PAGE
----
With a rapidly growing music school and a successful music career of her own, calling Sydney Eloise busy would be an understatement. Many Atlanta residents know her as the frontwoman of ’60s-infused indie pop group Sydney Eloise & The Palms, but she’s also founder at Little Treblemakers, Atlanta’s most colorful and innovative music school for children. With an aesthetic that can best be described in one word – sunshine – Sydney’s ability to guide children through their initial immersion into the world of melody and chord progression is rivaled only by her bright smile and infectious love for music. Her immediate connection with her students is obvious as they perform at their showcases, playing simple melodies or writing songs of their own.
Despite her hectic schedule, Sydney took the time to sit down with Audiofemme to discuss all things musical and magical in the new year. Read on for more about Atlanta’s favorite girl-boss and the world she’s created.
AF: You’ve done it all: written, recorded, and toured as Sydney Eloise & The Palms, taught at a Montessori school, and opened a children’s music academy. What’s been the most challenging aspect, and — on the flip side — what’s been your proudest moment?
SE: It’s been a journey, and I’ve enjoyed every phase and lesson that led me to this moment. I needed to tour and record just as much as I needed to teach full-time as a Montessori assistant. In those moments, I didn’t realize I was setting myself up for what’s next, or that I was mastering skills that would lead to me start my own business. I mostly felt a little lost as to what my path was. I love working with young children – their pure optimism and honesty are virtues we need more of in today’s world – and, as a songwriter and musician, I decided to see if I could apply my style of teaching with music education.
The challenge was taking a leap of faith and opening Little Treblemakers without a clue as to how this small business would evolve, if at all. I had no clue what I was doing, but I knew it was what I needed. I had a few students and no other source of income, so I buckled down and worked my tail off learning all I could about growing a business. I experimented with lesson plans and teaching materials and called upon my mentors and other teachers for guidance until I found my style and method. I am so proud to say LTM, at only (officially) a year and a half old, has a full roster with a waiting list, along with plans to expand by adding more teachers in the New Year. I am so amazed at the rapid growth of LTM, I’m just trying to keep up!
AF: How did growing up in a musical and entrepreneurial family help you lay the foundation for the life you’d end up building?
SE: We are our environment, and as a child, you absorb so much: what you hear, see, and experience really shapes your story. I was very fortunate to have two entrepreneurial parents who were also musicians. I watched my parents record music in their home studio, I saw my mother open a Montessori School in our house, and my father start his own construction company. He also built a website that was totally before its time, called Music Makers. It connected musicians together to share original music and helped them form bands in their area. When you grow up observing that you can create anything you want, the idea of working for yourself doesn’t seem so scary or far-fetched. If you put in the time, work your butt off, and are willing to make sacrifices and be scared, you will reap the rewards of following your dreams.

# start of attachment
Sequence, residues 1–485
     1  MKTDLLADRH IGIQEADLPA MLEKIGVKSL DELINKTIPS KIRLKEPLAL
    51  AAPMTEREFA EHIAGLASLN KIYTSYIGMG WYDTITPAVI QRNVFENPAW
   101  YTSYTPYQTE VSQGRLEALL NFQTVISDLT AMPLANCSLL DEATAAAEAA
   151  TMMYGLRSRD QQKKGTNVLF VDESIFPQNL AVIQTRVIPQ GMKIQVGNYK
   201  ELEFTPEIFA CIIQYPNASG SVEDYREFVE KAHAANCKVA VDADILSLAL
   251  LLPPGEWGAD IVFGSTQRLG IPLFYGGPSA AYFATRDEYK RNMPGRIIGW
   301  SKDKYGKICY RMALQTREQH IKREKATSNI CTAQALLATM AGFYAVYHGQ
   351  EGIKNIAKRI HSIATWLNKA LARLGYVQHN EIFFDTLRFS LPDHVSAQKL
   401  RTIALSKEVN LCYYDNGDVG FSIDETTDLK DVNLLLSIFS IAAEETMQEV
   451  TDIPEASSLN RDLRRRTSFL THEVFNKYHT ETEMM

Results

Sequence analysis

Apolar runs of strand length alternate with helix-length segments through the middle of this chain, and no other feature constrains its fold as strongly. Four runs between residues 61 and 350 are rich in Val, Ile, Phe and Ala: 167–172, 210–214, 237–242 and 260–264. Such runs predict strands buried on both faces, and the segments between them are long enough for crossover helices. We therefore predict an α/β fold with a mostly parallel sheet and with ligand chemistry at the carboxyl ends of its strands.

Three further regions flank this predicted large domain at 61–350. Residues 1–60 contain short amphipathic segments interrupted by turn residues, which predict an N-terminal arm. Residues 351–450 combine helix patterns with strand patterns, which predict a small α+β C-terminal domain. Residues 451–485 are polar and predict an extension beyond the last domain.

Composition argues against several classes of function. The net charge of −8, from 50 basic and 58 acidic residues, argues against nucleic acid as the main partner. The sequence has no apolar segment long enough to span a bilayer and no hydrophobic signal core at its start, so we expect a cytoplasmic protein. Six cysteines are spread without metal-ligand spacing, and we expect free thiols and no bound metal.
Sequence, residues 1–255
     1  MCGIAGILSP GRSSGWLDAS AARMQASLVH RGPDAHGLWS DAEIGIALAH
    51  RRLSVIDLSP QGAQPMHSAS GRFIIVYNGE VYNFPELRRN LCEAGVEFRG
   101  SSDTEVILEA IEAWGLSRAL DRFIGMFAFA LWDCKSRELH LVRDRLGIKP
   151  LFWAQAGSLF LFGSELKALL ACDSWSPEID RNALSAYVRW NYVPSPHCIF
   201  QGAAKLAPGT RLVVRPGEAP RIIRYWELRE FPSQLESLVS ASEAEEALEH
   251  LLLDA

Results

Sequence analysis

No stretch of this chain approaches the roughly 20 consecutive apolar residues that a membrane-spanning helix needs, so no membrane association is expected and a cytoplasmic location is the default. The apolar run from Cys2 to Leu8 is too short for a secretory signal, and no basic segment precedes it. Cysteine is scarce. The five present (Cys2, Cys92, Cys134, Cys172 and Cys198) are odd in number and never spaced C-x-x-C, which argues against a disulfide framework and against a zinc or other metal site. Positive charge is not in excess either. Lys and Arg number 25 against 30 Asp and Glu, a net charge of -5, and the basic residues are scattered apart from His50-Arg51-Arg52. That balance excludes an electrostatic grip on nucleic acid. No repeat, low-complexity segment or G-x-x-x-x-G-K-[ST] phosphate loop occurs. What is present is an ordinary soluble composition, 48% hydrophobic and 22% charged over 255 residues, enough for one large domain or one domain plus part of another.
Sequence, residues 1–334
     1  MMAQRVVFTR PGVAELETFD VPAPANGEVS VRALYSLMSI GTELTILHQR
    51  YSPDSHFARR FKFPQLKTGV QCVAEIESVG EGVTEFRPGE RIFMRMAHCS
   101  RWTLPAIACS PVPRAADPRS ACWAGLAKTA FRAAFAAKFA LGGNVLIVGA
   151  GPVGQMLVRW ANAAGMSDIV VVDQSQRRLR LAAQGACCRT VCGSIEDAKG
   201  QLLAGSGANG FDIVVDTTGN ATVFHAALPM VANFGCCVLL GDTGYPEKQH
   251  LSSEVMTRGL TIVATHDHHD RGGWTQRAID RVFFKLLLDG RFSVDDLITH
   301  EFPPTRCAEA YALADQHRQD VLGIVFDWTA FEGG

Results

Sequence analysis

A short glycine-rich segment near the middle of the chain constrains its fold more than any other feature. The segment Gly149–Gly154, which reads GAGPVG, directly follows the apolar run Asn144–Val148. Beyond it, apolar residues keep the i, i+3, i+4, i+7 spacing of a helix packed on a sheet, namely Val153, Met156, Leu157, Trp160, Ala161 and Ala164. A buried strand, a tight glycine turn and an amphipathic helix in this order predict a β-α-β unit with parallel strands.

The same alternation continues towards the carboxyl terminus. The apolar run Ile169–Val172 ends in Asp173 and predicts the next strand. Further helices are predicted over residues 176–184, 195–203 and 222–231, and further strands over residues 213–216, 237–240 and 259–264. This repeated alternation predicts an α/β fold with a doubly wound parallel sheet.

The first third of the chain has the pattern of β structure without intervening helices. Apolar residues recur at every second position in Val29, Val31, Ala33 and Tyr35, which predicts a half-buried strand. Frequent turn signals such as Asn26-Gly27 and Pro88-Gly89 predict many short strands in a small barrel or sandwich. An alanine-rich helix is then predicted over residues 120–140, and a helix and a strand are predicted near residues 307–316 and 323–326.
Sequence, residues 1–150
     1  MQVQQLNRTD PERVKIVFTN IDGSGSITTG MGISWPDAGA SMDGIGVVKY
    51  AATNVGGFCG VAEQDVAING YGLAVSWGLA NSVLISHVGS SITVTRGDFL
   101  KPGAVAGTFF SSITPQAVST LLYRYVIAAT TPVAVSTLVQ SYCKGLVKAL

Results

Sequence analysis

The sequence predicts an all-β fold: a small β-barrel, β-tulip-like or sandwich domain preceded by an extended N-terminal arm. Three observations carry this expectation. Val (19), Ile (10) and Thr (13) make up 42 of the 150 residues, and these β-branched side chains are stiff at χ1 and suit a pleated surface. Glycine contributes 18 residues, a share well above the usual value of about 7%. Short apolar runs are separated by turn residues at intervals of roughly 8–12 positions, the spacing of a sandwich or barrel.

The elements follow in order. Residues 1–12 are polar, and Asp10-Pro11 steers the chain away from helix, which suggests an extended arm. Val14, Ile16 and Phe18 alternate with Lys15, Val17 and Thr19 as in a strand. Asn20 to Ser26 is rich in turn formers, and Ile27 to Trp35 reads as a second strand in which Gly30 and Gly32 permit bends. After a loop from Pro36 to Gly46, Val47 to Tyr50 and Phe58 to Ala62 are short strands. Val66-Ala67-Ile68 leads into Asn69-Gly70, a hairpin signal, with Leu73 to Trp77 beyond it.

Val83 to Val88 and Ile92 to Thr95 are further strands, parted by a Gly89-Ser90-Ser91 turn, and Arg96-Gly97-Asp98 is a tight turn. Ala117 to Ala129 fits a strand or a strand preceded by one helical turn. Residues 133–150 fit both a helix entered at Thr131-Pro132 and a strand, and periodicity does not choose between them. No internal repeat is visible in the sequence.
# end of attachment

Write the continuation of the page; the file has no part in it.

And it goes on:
AF: Who or what has been the greatest inspiration for you? What keeps you going on the bad days?
SE: There are days where I feel totally overwhelmed with the business and how fast it is growing. I catch myself saying things like, “What am I doing? I don’t know how to run a business!” In those moments, I research and educate myself on subjects I still need to master. I talk to my friends and I call mentors who have been where I am, and I am reminded that no one really knows how to do this, and there is no secret manual to success. You just solve tiny problems every day until the big problems are smaller, and then you tackle those. My days are never bad! I get to work with incredibly adorable and talented little humans every day, and they make me smile and laugh!
AF: What’s it like to encourage and inspire the next generation of musicians? Which musicians inspired you as a child?
SE: It’s so magical to watch these kids bloom before my eyes! It’s incredible how quickly they can master concepts and grow their skills. To see my first-year students master chord changes and simple melodies, to my second- and third-year students writing original pieces or picking out groovy songs to perform, I am always in awe. I remember as a kid spending hours and hours looking up chord charts to Beatles songs, learning to play Joni Mitchell’s “Yellow Taxi” and Alanis Morissette’s “Hand In My Pocket,” so it’s really cool to have students who are interested in an array of musicians, from Bob Dylan, Paul Simon, and Sheryl Crow to Taylor Swift. We all start somewhere, and oftentimes the things we learn early on remain very powerful later in our lives.
AF: Do you think you’ll return to writing and performing, or do you think that opening and running Little Treblemakers is where you’re meant to be?
SE: I am always writing, because that is just who I am. I do miss performing and recording very much, and plan on diving back into that world very soon! I am right where I am meant to be though, and opening Little Treblemakers has given me even more purpose and reflection into the type of art I want to make and share with the world. Music is powerful and I want to contribute in a thoughtful way.
AF: How has the Atlanta creative scene impacted you, as a musician and as an entrepreneur? Why do you think it’s become such a refuge for creative types?